It an Aussie the right dog for you?
Australian Shepherd Brief History
The Australian Shepherd was originally developed in the Basque region between Spain and France where it was known as the Basque shepherd. Its ancestors were most likely dogs native to the Pyrenees Mountains. The French monks who bred them probably brought a few with them when they settled in Australia, hence the name “Australian” shepherd.
The American Kennel Club first recognized the Australian Shepherd in 1991.
The breed is also called by several other names including “Aussie”, “Aussiedoodle”, “Ausie” and “Oz”.
Australian Shepherd Temperament
The Australian Shepherd is an intelligent, quick learner with strong herding instincts. They are easy to train but can also be quite stubborn at times.
Since the early days of the breed, they have been bred for their ability to handle large herds of sheep. This means they are inclined towards herding children and other pets in addition to actual herding of livestock!
The Australian Shepherd is often playful and energetic, but it also makes a good watchdog and protector. The breed’s loyalty comes from its strong guardian instincts which can be both an advantage or disadvantage-depending on the situation at hand.
Australian Shepherds are very social dogs that USUALLY get along well with children (and other pets) and other dogs.
Australian Shepherds are not frequently mentioned as a breed for families with SMALL children or first-time dog owners because of their energy levels, high intelligence and tendency to herd.
Australian Shepherd Exercise and Energy Levels
Australian Shepherds have a very high energy level and need to be exercised daily or they can become destructive. The breed is also well-known for its agility, so owners should consider agility training if the dog seems restless. Owners who are not willing or able to provide lots of exercise will find it difficult to manage an Australian Shepherd because this breed is not happy in a kennel setting.
Australian Shepherds are best suited to an active family or individual who enjoys plenty of outdoor activities. The breed needs daily walks, lots of playtime, opportunities to run free and frequent visits to the dog park. If you cannot give this breed enough attention or exercise, or if you want a calmer breed, the Australian Shepherd may not be the right dog for you.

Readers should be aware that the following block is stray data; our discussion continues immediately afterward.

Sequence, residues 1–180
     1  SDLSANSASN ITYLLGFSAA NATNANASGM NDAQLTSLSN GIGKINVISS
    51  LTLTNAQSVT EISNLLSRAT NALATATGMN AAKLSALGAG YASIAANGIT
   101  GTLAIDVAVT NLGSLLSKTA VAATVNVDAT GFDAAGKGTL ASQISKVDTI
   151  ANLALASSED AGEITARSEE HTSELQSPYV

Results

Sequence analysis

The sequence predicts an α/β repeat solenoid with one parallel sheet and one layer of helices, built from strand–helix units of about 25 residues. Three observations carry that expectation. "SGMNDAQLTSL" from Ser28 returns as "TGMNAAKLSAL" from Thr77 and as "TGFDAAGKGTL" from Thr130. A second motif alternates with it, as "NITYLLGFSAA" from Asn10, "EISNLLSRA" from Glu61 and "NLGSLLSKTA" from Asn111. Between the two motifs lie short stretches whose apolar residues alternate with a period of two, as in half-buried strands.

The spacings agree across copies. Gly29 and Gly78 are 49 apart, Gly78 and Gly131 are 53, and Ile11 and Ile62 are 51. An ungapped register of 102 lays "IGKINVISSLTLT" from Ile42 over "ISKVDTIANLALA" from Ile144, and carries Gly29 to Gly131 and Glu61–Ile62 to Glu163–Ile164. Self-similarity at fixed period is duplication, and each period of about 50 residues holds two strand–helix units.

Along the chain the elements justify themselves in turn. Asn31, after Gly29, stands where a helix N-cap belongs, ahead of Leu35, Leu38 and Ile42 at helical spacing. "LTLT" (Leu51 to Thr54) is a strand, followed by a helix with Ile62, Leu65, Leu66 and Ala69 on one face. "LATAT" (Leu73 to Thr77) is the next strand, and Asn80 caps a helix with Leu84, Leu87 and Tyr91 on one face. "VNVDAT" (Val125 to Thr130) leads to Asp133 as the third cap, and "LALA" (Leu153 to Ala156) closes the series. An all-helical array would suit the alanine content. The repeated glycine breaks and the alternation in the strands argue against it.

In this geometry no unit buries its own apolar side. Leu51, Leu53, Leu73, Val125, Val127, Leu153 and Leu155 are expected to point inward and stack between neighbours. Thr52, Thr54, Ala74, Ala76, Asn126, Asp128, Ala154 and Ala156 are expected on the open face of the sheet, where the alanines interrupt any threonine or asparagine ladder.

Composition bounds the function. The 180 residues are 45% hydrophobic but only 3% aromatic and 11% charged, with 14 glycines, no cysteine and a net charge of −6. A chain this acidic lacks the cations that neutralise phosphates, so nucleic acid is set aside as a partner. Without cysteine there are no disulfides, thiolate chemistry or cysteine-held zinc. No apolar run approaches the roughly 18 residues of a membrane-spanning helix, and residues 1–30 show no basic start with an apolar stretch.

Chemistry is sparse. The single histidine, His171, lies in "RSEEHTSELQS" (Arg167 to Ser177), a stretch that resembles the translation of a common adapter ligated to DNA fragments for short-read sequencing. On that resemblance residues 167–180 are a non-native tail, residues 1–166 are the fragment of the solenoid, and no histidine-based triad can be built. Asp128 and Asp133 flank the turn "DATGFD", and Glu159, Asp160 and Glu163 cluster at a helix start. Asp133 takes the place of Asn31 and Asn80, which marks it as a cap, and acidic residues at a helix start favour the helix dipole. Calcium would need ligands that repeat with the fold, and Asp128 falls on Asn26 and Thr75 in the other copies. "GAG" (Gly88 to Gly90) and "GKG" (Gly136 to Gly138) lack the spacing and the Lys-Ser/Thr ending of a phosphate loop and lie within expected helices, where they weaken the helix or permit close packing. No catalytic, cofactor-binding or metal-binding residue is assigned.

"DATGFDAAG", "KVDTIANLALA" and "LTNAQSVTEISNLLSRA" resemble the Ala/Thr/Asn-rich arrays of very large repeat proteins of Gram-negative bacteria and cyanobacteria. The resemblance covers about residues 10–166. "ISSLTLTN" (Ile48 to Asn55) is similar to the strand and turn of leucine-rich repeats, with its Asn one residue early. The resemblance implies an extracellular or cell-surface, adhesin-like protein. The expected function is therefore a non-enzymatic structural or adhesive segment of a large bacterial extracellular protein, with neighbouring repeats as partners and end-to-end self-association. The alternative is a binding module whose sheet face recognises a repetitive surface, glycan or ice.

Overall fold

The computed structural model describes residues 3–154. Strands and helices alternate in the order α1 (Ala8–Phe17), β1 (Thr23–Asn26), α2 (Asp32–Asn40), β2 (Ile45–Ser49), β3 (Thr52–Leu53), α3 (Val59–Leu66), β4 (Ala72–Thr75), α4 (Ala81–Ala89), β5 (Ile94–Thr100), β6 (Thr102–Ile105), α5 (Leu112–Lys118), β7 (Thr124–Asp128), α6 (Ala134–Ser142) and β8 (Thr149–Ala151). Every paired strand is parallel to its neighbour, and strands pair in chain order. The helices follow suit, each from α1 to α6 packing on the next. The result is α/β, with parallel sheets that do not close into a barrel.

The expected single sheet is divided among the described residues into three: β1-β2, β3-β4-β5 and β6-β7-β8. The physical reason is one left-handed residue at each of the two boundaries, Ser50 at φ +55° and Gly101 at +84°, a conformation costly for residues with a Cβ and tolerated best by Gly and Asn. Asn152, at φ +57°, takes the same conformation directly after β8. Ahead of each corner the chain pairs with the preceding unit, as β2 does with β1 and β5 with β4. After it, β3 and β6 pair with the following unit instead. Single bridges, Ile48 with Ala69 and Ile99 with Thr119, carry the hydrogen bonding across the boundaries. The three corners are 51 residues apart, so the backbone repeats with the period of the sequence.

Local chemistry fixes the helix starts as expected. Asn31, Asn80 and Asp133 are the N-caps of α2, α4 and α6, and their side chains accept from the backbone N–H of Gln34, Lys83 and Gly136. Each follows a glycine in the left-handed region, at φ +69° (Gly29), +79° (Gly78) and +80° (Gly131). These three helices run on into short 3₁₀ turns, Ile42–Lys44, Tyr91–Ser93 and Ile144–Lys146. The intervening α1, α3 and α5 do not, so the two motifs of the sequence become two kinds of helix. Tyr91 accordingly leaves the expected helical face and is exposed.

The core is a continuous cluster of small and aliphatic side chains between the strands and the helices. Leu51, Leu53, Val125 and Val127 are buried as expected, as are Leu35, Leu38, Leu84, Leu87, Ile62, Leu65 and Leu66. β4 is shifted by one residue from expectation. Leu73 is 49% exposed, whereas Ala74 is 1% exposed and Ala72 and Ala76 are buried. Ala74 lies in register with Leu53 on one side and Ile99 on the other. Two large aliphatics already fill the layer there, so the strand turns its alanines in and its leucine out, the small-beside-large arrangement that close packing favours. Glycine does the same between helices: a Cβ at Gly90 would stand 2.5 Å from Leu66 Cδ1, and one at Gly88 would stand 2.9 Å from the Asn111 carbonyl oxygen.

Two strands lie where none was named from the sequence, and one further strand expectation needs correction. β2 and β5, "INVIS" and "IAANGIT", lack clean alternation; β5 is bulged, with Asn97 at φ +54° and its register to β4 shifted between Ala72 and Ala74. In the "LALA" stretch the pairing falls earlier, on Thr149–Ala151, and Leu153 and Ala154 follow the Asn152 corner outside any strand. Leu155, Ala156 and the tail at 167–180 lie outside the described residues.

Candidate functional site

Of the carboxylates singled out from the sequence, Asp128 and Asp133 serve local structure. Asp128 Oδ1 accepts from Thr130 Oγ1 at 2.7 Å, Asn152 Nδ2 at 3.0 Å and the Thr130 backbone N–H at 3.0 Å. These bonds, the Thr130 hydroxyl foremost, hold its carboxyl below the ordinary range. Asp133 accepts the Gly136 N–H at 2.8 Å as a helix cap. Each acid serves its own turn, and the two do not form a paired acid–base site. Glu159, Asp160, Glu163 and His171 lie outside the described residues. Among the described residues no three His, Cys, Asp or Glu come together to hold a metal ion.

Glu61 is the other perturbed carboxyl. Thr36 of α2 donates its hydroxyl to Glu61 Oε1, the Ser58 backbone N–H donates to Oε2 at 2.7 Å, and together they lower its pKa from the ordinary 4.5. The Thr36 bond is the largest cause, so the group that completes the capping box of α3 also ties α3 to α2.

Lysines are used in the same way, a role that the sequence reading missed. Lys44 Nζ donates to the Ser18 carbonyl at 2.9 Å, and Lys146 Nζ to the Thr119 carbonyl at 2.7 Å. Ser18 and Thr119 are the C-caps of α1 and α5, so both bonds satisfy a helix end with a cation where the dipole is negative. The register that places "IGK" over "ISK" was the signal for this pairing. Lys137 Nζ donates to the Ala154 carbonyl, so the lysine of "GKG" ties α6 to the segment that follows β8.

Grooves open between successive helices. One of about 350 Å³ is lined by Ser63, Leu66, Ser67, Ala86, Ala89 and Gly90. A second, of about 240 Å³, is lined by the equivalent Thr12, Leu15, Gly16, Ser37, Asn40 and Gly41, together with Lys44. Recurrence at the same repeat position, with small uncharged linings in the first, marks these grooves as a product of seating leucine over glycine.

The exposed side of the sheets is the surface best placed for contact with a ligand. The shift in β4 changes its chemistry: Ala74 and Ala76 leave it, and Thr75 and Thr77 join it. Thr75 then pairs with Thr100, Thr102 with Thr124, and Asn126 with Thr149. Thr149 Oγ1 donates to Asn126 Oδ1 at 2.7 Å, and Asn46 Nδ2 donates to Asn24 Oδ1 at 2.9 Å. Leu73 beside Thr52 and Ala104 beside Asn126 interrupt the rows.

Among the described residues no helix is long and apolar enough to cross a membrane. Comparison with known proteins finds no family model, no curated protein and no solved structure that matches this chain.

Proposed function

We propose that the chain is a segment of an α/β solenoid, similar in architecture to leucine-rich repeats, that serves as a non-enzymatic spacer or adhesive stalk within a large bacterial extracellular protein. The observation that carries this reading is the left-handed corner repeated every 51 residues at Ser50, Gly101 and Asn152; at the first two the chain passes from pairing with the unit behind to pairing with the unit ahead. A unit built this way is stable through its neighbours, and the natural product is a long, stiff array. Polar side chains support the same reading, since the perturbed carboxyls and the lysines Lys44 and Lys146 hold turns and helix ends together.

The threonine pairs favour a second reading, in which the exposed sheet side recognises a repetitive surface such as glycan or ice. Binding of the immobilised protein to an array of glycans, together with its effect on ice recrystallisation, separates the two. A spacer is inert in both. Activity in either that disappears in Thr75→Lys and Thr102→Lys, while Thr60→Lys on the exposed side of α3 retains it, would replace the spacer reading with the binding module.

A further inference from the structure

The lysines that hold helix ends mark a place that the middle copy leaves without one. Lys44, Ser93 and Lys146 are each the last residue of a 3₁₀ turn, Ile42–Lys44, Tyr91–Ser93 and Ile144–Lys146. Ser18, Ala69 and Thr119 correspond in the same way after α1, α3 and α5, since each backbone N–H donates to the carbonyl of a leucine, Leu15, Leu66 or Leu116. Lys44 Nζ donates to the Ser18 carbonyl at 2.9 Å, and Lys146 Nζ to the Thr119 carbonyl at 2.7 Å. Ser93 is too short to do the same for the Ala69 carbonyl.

The Australian Shepherd Training and Intelligence
The Australian Shepherd Dog Breed is high energy and intelligent, which makes for a challenging combination when it comes to training. Despite these challenges, the breed is very trainable if you are experienced in dog training.
An Australian Shepherd that does not receive enough exercise or mental stimulation can become naughty and even aggressive. This trait may be seen more often in certain lines.
Australian Shepherds are often too smart for their own good and may figure out they can limit the amount of work you expect from them.
The breed’s tendency to herd means it is very inclined towards obedience training, but owners should always remain firm because this breed does not respond well to harsh training methods.
Adult Australian Shepherds are often more obedient than younger dogs because they have fewer distractions to interfere with training. However, Australian Shepherds can sometimes become “bored” with repetitive training routines and refuse to cooperate.
General Training Tips for the Australian Shepherd
- Provide enough exercise to keep your dog happy, healthy and occupied.
- Increase the intensity of your next training session if your dog shows any signs of boredom.
- Be firm and consistent with commands, but avoid harsh treatment.
- Keep training sessions short and fun for both of you.
- Keep a daily journal to track progress and watch for small victories that may lead towards major ones in the future.
- Reward your dog generously for obeying commands.
- Train your Australian Shepherd with a positive reinforcement method.
- Never force your Australian Shepherd to do anything it does not want to do, this breed takes great pleasure in tricking you into giving it what it wants!
The Australian Shepherd Health and Care
The Australian Shepherd Dog Breed is generally healthy, but some lines may suffer from certain health conditions.
- The breed can sometimes develop hip and elbow dysplasia as well as eye problems such as cataracts and progressive retinal atrophy (PRA). Hip and elbow scores should always be taken prior to breeding. Breeders who follow the recommended breeding routine can eliminate most health problems from their lines.
- Check the hips and elbows of both parents before breeding to decrease the risk of hip or elbow dysplasia.
- Have eye exams performed by a veterinarian on both parents to check for signs of cataracts or PRA. Take care to preserve your Australian Shepherd’s vision by keeping its eyes clean and free of irritants.
- Provide your Australian Shepherd with plenty of mental stimulation to keep it happy, healthy and occupied.
The Australian Shepherd Grooming
An Australian Shepard has a double coat that requires brushing at least once per week to remove tangles or mats. The undercoat changes twice yearly, adding an additional layer of grooming.
Brush your Australian Shepherd’s teeth at least twice per week to remove tartar buildup and the risk of gum disease. Daily brushing is even better if you want to prevent gum disease.
- Brush your dog’s coat at least once a week, more often during times when his undercoat is changing.
- Use a curry brush or slicker brush to loosen mats and tangles.
- Gently comb through your dog’s coat to remove any remaining mats after you have brushed him.
- Bath your Australian Shepherd regularly, as needed. Brush his teeth regularly for good oral hygiene and fresh breath.